Historically, at least a significant portion of people have engaged in premarital sex, although the number willing to admit to having done so was not always high. In a study conducted in the United States, 61 percent of men and 12 percent of women born prior to 1910 admitted to having premarital sex; the gender disparity may have been caused by cultural norms regarding the admission of sexual activity or by men frequenting prostitutes.[2]

Starting in the 1920s, and especially after World War II, premarital sex became more common; this was especially prevalent among women. By the end of the 20th century, between 75 and 80 percent of Americans had vaginal intercourse before the age of 19. This has been attributed to numerous causes, including the increasing median age at marriage and the widespread availability of efficient contraceptives.[2]

The growing popularity of the automobile and corresponding changes in dating practices also caused premarital sex to become more prevalent. Alfred Kinsey found that American women who became sexually mature during the 1920s were much less likely to be virgins at marriage than those who became mature before World War I. A majority of women during the 1920s under the age of 30 were nonetheless virgins at marriage, however; and, half of those who were not virgins only had sex with their fiancees.[14] A 1938 survey of American college students found that 52% of men and 24% of women had had sex. 37% of women were virgins but believed sex outside marriage was acceptable.[15] Prior to the middle of the 20th century, sexuality was generally restricted. Sexual interactions between people without plans to marry was considered unacceptable, with betrothal slightly lessening the stigma. However, premarital sex was still frowned upon.[2]

Beginning in the 1950s, the stigma attached to pre-marital sex diminished. Love began to become enough for a reason to practice sex, instead of marriage or engagement. By 2000, roughly a third of couples in the United States had lived together prior to marriage. Premarital sex has become, if not acceptable, tolerable.[2]

In a 2005 Kaiser Family Foundation study of US teenagers, 29% of teens reported feeling pressure to have sex, 33% of sexually active teens reported "being in a relationship where they felt things were moving too fast sexually", and 24% had "done something sexual they didn’t really want to do".[16] Several polls have indicated peer pressure as a factor in encouraging both girls and boys to have sex.[17][18] The increased sexual activity among adolescents is manifested in increased teenage pregnancies and an increase in sexually transmitted diseases.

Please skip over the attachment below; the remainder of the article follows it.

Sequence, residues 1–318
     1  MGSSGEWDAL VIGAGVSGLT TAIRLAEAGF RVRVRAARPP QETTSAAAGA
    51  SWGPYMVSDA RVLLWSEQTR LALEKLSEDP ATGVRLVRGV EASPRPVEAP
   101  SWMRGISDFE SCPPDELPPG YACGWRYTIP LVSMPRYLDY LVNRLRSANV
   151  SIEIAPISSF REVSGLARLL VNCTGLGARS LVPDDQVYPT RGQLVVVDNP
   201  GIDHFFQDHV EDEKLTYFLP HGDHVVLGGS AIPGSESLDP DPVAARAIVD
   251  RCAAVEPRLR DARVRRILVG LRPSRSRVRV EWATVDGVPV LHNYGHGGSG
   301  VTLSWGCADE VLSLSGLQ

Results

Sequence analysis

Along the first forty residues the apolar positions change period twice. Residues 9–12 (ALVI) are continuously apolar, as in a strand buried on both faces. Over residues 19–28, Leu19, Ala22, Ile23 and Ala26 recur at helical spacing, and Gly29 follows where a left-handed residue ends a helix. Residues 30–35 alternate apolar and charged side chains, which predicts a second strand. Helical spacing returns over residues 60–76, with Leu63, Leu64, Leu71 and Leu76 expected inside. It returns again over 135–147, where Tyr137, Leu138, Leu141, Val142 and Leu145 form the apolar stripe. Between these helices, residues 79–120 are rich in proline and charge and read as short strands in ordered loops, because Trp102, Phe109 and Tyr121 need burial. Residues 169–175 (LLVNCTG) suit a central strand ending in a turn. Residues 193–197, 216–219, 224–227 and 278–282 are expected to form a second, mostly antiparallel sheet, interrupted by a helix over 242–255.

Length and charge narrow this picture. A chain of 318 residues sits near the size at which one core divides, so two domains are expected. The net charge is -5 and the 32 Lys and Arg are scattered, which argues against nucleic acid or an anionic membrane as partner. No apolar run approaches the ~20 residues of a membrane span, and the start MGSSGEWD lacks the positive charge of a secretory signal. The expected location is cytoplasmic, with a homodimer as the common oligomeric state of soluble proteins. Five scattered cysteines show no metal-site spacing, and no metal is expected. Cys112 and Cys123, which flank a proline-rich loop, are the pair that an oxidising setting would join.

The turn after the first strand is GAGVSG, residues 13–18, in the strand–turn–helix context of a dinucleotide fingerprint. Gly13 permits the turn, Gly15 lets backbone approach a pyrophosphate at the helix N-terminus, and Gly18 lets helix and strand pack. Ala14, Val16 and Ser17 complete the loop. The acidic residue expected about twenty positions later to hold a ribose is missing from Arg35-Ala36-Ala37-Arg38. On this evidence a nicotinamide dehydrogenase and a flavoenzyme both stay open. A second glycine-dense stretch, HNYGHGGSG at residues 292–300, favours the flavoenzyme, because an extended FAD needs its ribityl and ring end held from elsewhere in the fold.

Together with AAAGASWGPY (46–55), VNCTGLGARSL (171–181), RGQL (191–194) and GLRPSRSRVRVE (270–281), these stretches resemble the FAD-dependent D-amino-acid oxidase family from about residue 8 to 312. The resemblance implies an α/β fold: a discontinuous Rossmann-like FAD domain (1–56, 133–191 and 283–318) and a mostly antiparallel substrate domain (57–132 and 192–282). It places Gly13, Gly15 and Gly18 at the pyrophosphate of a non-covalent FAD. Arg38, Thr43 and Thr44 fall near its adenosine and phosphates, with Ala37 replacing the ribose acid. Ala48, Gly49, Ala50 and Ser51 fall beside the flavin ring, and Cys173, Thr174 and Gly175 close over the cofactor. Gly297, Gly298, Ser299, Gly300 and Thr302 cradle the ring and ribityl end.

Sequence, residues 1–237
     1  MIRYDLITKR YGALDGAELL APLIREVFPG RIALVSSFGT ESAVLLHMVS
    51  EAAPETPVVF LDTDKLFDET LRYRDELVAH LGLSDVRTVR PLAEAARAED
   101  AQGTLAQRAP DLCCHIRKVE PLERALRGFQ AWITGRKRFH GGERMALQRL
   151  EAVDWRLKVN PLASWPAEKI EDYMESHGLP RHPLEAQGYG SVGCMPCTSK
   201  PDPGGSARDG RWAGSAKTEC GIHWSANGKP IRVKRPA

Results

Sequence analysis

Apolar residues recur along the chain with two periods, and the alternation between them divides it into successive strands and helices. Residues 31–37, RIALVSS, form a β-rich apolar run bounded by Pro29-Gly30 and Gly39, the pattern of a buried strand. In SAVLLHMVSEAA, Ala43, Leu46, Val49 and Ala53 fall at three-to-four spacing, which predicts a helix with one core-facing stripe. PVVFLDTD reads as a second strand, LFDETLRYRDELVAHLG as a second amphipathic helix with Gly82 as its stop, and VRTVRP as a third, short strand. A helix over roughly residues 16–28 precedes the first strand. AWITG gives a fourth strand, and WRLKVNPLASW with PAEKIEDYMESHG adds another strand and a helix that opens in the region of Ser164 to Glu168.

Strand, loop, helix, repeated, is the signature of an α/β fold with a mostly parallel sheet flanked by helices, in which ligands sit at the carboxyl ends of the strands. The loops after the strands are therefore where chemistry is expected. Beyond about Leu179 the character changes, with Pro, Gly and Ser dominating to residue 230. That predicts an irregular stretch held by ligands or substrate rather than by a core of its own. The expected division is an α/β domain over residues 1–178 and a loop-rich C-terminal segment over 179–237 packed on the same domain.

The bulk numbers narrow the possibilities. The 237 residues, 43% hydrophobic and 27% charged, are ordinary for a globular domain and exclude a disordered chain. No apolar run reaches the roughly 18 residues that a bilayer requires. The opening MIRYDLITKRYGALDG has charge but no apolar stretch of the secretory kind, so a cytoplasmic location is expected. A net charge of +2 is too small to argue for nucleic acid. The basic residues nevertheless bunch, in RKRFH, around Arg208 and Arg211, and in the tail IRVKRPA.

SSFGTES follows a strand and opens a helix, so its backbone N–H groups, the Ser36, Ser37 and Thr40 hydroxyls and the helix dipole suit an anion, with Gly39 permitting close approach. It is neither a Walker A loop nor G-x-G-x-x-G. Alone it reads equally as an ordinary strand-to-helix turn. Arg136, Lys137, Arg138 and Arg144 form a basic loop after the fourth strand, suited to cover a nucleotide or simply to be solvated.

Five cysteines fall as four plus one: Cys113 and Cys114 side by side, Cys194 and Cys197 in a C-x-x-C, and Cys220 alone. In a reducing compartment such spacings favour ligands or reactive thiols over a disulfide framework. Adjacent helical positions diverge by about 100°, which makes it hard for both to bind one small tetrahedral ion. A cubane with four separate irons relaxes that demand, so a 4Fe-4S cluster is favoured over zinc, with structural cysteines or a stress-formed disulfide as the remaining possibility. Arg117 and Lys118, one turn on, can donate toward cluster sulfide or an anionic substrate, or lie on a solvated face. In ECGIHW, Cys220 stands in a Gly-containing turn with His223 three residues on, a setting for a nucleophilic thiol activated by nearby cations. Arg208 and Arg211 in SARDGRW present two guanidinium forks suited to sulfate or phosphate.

The Episcopal Church only approves "of sex between men and women who are married. In 1979, the U.S. church's governing body voted down a resolution to approve other sexual activity."[19]

An Episcopal Church report published in 1995 entitled Continuing the Dialogue, A Pastoral Study Document of the House of Bishops to the Church as the Church Considers Issues of Human Sexuality noted, in reference to the Song of Songs, that "in praise of sexual love, celebrating youthful passion, with no reference to marriage.... It affirms that sexual love is in itself good and beneficial."[20]

The Episcopal Bishop and writer John Shelby Spong has theorized that the New Testament was not against sex before marriage.[21] The discussion turns on two Greek words – moicheia (μοιχεία, adultery) and porneia (el:πορνεία, fornication see also pornography). The first word is restricted to contexts involving sexual betrayal of a spouse; however, the second word is used as a generic term for illegitimate sexual activity. Elsewhere in 1 Corinthians, incest, homosexual intercourse (according to some interpretations)[22] and prostitution are all explicitly forbidden by name (however, the Septuagint uses "porneia" to refer to male temple prostitution). Paul is preaching about activities based on levitical sexual prohibitions in the context of achieving holiness. The theory suggests it is these, and only these behaviours that are intended by Paul's prohibition in chapter seven.[23]

Earlier, in 1987, Spong's Newark Diocese had commissioned a report that concluded that the "Episcopal Church should recognize and bless committed non-marital sexual relationships between homosexuals, young adults, the divorced and widowed..." The report aimed "to ignite a new debate on sexual ethics among leaders of the nation's 3 million Episcopalians in the hope that they will amend church doctrine to embrace all believers... Spong, an advocate of the recommendations... said his views are a minority position in the church."[19]

Pastors of the Lutheran Church Missouri Synod undertook a survey on premarital sex amongst their congregations in 2010. "These Lutheran pastors reported that over 57 percent of the couples they now marry are living together prior to the wedding, and that the rate of cohabitation in their congregations is increasing." Despite this trend, the Synod believes that "Regardless of the reasons given for living together, cohabitation is simply wrong for Christians."[24]

Alternatively, the Wisconsin Synod takes the view that a Christian couple could engage in sex before marriage but for the fact it would be an act of defiance against civil and religious norms in society. On being asked this question by a couple, the Church's Paul Kleim stated that "Were there no civil laws regulating marriage or Christian rite publicly uniting couples in marriage, your commitment to each other before God would be sufficient basis for you to begin living together as husband and wife. However, the civil and religious expectations that prevail make it wrong for you to practice marriage without a license... In your wedding ceremony you will be asking God to join you in marriage, and you will be testifying to state and church that this is the beginning of your marriage. While sexual intimacy during your engagement might not be fornication, it would certainly be civil disobedience and spiritual dishonesty. And that's wrong before God."[25]